Undiagnosed sleep apnea, a common sleep complaint, can lead to greater health conditions and significant medical bill costs, researchers have said.
Left untreated, obstructive sleep apnea (OSA), where breathing repeatedly stops and starts during sleep, increases the chances of cardiovascular disease, stroke, depression, type 2 diabetes and even early death.
A team from the University of Maryland School of Medicine (UMSOM) say people who have undiagnosed sleep apnea and ignore symptoms are more likely to have doctor appointments and hospital stays than those without.
The trial involved looking at medical costs among Americans who were 65 or older and who had OSA. As the USA does not have free national healthcare, the researchers analysed the medical bills of those with whose OSA had gone undiagnosed for a year.
They found those who had their sleep condition diagnosed earlier had fewer doctor appointments and hospital stays, which made a significant difference to their bank balance, as those with undiagnosed OSA can expect to pay, on average, $20,000 (£15,345) more in medical costs across as 12-month period.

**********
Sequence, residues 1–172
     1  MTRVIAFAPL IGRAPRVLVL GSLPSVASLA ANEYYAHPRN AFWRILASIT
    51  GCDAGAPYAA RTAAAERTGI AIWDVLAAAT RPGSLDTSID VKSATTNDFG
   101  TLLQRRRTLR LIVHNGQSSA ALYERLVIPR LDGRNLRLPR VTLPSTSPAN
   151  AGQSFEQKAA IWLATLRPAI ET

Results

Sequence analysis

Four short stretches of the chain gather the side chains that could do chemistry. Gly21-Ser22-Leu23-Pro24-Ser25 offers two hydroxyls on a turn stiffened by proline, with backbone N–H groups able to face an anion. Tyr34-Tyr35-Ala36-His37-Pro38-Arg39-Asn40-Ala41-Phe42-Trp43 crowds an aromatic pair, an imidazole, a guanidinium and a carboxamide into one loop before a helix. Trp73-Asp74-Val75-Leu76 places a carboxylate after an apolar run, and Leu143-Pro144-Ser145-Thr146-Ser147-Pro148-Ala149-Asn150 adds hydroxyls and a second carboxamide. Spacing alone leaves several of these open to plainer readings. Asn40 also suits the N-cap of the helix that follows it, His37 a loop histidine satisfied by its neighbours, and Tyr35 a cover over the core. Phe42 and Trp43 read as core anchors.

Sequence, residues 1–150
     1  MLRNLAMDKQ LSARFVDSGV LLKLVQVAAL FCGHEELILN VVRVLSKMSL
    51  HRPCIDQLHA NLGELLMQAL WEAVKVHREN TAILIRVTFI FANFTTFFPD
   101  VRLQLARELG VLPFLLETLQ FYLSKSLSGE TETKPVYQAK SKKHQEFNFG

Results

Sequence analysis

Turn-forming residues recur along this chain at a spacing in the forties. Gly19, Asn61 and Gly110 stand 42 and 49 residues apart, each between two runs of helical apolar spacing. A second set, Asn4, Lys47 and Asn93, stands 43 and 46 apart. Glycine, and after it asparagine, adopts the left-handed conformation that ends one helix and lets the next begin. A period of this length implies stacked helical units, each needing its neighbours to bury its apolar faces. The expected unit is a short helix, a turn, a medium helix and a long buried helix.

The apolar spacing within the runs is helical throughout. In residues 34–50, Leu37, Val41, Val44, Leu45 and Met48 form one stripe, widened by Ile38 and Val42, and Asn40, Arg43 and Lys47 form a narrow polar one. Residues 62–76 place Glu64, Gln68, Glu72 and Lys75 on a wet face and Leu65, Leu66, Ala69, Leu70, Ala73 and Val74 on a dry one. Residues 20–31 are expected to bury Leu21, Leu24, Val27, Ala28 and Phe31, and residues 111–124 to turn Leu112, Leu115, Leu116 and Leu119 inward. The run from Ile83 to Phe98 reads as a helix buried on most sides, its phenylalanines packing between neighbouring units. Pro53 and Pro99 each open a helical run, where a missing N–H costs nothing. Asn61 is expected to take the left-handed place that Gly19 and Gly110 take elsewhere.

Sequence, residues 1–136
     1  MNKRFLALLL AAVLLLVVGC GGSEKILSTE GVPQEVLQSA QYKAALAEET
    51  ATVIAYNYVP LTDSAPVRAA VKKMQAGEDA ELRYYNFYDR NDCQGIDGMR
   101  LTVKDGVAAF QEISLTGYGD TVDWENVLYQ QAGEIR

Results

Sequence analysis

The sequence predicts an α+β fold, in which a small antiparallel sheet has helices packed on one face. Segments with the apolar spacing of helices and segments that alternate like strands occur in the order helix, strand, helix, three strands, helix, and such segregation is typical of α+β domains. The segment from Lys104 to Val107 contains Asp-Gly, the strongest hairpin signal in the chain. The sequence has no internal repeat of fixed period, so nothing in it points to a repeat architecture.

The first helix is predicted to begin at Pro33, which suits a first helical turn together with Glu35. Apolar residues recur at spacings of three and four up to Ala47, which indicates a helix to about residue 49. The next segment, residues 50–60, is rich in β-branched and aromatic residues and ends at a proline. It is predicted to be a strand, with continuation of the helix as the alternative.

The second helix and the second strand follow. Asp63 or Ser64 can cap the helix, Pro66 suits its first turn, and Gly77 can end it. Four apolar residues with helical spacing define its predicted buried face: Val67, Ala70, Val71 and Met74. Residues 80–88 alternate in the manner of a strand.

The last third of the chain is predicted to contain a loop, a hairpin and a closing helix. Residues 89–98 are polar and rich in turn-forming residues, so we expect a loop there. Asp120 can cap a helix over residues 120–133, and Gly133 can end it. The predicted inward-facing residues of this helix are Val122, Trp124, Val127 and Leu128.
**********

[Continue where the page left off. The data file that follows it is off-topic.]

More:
Lead researcher Dr Emerson Wickwire, Associate Professor of Psychiatry and Medicine at UMSOM and Director of the Insomnia Program at the University of Maryland Medical Center, said: “We conducted the largest economic analysis of sleep apnea among older adults to date.
Medicare beneficiaries with obstructive sleep apnea cost taxpayers an additional $19,566 per year and utilised more outpatient, emergency, inpatient, prescription, and overall health care services.
“It’s important to realize that costs associated with untreated sleep disorders are likely to continue to accrue year after year, which is why our group focuses on early recognition and treatment.
“The good news is that highly effective diagnostic and treatment strategies are available. Our team is currently using big data approaches as well as highly personalised sleep disorder treatments to improve outcomes and reduce costs associated with sleep disorders.”
The research has been published in the Journal of Clinical Sleep Medicine.